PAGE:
At Enterprise we know that you’ll only be able to perform at your very best if you have the freedom to be yourself. So providing an open and inclusive working environment where employees can be their true selves is not only the right thing to do, but it’s also what makes us successful. Paul tells us how he came out late in his personal and professional life, and how he’s realised how important LGBT role models are in helping colleagues thrive in their work environment.
What is your role at Enterprise?
Assistant Vice President / Director, Business Rental Sales, Europe
When I finished university I worked for 3 months as a ride operator on the Jersey Shore
Why do you enjoy working for Enterprise?
Were do I start? I guess that would have to be the people. No matter what part of the country or indeed what country I have worked in with Enterprise, the people that I have worked with and work with today are like family. The other things I love about working for Enterprise are the autonomy you get from a very early stage of starting with the company and then the career progression that follows.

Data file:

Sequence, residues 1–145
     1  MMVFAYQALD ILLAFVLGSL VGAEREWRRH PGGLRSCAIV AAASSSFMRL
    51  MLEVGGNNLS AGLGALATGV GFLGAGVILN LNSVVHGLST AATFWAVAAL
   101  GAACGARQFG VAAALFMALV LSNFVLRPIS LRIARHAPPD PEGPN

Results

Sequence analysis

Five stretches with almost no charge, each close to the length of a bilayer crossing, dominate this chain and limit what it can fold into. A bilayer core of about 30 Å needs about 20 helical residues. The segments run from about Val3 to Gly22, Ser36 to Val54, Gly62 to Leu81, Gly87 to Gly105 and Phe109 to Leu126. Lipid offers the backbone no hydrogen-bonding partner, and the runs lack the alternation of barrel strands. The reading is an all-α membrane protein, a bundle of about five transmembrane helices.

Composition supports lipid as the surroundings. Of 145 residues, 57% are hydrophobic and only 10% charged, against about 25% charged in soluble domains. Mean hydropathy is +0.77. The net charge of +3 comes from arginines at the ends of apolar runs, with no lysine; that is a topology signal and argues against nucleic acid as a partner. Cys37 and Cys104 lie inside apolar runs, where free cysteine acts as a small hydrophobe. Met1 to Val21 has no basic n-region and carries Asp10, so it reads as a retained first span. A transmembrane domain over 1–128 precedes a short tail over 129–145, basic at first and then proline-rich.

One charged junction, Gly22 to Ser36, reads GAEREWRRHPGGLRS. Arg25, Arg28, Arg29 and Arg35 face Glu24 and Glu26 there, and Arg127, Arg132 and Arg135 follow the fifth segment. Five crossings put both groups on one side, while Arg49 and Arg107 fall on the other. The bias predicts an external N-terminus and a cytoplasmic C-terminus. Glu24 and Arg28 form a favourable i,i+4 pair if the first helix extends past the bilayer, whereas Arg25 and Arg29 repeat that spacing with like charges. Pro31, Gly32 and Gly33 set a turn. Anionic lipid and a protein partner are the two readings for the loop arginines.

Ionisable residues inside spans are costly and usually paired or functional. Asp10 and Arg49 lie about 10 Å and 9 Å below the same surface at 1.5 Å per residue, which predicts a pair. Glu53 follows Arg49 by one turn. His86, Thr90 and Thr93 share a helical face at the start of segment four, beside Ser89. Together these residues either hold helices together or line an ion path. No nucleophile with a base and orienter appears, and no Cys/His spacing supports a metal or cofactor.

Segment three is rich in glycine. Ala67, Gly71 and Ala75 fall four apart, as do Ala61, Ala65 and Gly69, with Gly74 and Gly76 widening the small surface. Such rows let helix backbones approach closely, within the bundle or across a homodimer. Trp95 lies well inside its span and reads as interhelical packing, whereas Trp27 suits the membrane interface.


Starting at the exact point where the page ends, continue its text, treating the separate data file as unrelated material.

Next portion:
How does Enterprise support LGBT+ employees and allies?
I am constantly amazed and humbled at the support that Enterprise offers LGBT+ employees. There is always something going on: from regular diversity events, local LGBT+ networking groups, giving staff time including charity days to support local LGBT+ youth mentoring groups to LGBT+ mental health awareness events. One of the other really positive aspects of Enterprise is that there are both formal and informal mentoring programs run by both LGBT+ employees and straight allies who invest a lot of their time into making sure that the company is a welcoming place for all employees regardless of sexual orientation.
Tell us about your career with Enterprise. How did you start and how did you get to where you are now?
When I graduated from University in 1999 with a Marketing degree, I didn’t know exactly where I wanted to go from there, but I knew I liked sales and I knew I liked working with people. I saw an advertisement in the local newspaper (this is how long ago it was!) to go and work for Enterprise as a Management Trainee in America for 18 months and then return to Scotland to continue my career.